The Purple-Headed Mountains, Rivers Running by, and Dhatmeer Village

The Purple-Headed Mountains, Rivers Running by, and Dhatmeer Village

The Indian culture is such an ancient, diverse, and sustainable one. Different places have different practices and traditions, but they are all united by their connection with nature. Let me elaborate on this by explaining how the small village of Dhatmeer in Northern Uttarakhand functions. 

With a small population, Dhatmeer is on the outskirts of Uttarakhand near Har-Ki-Dun Valley. Dhatmeer has no internet connectivity, cellphone range, or any access to technology. They don’t watch movies or eat our conventional “junk” foods (partly because they don’t have access to such “luxuries” but mainly because they feel no need for them). And their monotonous routines do not recognize the concepts of “weekends” or holidays. Every villager has almost the same pattern- the women wake up and cook while the men fetch water, take their cattle for grazing, and the men cut cuboidal logs from the nearby reserves of Pine, Deodar, and Chestnut Oak trees. All the villagers meal together and share their food. Once they are done with the first half of the day, they head down to the fields to cultivate their crops. They harvest these crops, consume what they gather, and sell whatever is left to vendors in nearby towns. Most of their income comes from the wholesale of apples. 

The people of Dhatmeer worship the Hindu God “Shiva.” Also known as the protector, Shiva is one of the three most powerful Gods in Hindu Mythology. He is regarded as the God of endings and the afterlife, and more importantly, rests on “Kailash Parvat” (The Kailash Mountain). Since he is a resider of the mountains and not the heavens, the people of Dhatmeer and nearby villages believe in his ability to protect all those that consider the mountains their homes. They build temples for him in the central points of their villages and pray to him to protect them from all harm. On the roofs of these temples are wooden figurines of the animals that they look after- goats, hens, cows, and sheep. The reason for this was rather vague, but I assume they see their Gods in these animals because of how much they provide the villagers. 

Dhatmeer only has around 20 residents, but the village structure is laid out so that each of these 20 residents is provided for. The architectural layout of this village is such that the lower level has all the cattle and cattle farms; a few feet above, you’ll find the sheep and goats, and the upper level consists of their homes and storage units. This is because human houses have sturdier supports than goat and sheep shelters and, in turn, cattle farms. So, these houses can better support themselves during landslides or other natural calamities. They also have storage rooms called “Kothaars,” where they store food (grains, lentils, and vegetables) so that they are prepared for calamities. Kothaars are small cupboard-like units made of plywood that have strong exteriors. It truly is impressive to see how smart yet simple their lifestyles are. They have contingency plans ready for every situation, have a fixed routine, and are content with what they have.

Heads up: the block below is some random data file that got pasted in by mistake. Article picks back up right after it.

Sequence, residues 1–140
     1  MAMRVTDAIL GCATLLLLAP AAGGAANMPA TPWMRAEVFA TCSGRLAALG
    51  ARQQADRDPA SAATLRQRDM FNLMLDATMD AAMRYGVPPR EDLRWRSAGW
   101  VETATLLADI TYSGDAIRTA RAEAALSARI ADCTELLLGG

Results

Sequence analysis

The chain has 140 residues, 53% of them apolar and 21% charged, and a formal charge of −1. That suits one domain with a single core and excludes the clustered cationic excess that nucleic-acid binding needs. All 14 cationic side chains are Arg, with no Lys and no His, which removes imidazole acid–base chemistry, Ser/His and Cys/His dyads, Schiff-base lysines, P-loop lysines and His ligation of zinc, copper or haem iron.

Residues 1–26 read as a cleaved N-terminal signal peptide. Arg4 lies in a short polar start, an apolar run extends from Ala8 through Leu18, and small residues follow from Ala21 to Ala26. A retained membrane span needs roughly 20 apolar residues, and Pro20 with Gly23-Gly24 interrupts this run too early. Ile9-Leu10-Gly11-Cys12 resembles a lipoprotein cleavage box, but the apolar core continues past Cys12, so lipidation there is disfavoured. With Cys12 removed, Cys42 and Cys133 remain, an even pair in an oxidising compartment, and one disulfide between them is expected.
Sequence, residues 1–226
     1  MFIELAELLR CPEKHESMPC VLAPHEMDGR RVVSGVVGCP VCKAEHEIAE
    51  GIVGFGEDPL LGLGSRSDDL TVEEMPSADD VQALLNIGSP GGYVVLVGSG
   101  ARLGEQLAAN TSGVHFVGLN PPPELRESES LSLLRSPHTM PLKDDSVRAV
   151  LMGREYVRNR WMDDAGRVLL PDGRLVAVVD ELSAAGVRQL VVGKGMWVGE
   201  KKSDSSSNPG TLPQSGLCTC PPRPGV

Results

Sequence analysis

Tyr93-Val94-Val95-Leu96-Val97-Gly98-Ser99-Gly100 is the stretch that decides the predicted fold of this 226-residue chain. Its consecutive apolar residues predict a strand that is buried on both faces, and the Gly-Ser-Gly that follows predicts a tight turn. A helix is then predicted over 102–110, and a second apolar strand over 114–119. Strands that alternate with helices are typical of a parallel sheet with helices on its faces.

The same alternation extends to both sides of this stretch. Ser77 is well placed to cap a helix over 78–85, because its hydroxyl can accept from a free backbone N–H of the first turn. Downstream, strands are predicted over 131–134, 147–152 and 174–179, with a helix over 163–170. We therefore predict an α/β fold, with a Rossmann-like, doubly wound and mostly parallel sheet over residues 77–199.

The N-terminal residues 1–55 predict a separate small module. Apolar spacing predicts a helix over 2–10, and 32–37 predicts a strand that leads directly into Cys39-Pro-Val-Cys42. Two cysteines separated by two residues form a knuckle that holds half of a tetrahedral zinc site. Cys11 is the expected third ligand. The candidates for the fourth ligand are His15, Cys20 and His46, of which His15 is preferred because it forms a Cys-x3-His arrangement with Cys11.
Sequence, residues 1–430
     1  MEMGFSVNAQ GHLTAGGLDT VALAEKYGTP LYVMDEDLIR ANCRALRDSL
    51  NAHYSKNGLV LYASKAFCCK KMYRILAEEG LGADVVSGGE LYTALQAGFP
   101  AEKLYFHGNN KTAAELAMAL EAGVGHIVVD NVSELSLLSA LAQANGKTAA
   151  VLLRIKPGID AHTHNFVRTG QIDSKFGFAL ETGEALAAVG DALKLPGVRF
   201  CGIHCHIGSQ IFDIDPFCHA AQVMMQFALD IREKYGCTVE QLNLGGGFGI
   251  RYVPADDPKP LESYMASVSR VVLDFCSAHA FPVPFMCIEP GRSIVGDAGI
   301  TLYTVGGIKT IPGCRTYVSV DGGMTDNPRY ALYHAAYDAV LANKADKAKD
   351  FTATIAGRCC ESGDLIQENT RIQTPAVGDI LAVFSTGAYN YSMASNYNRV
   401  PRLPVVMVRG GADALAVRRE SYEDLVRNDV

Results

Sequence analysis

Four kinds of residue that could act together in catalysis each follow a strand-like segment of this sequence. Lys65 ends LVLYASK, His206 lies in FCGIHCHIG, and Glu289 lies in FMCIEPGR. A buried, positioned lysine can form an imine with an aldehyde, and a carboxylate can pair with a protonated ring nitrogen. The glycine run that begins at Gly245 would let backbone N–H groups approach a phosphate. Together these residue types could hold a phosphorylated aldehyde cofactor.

The villagers of Dhatmeer bring an essential question to mind- What is required for a person to be truly content? Do we take a Buddhist approach and say that a simplistic life is a content life? That ‘greed’ is the cause of all suffering? Dhatmeer attests to this concept. But maybe living so close to nature, with the fresh mountain air and organically grown vegetables, must lead to contentment. After all, a healthy body is a healthy mind. For all we know, the answer to this question might just be ‘Ignorance is Bliss.’ It might even be a combination of the abovementioned characteristics that make Dhatmeer the epitome of serenity. 

Whatever may be the reason, this small village. Hidden in the Himalayan range is a happy, healthy, and peaceful coexistence despite its “primordial” and “unevolved” lifestyle. May it is time to consider if it’s not “despite” but rather “because.” With all our gadgets and skyscrapers and “development,” we humans have grown a lot more discontent with life. By providing for all our whims, fancies, and wants, we’ve paved the way to more. 

The few brief moments I’ve spent in the mountains have made me a happier person away from cellphone networks, social media, and the internet. Away from the “real world,” the pressures of social convention, and the world’s unhappiness. Sitting in the Har-Ki-Dun Valley (Valley of Gods), staring at the mountains and streams brings to mind the famous song by Bill Staines-

“All things bright and beautiful

All creatures great and small

All things bright and wonderful

The Lord above made them ll

The purple-headed mountains

The rivers running by

The sunsets in the morning 

The brightness in the sky.”

Truly, all things bright and beautiful are enough to make a person content with their life. The serenity of the mountains is enough to make us quit wanting more. The Himalayas humble us and make us realize that the world is bigger, so much bigger, than our likes and dislikes, our wants and needs, our sorrows and despair- all of it seems irrelevant in front of the majesty of the mountains. 

The people of Dhatmeer are a wonderful reminder of our roots and rich, ancient culture- that maybe it is time for us to return to.

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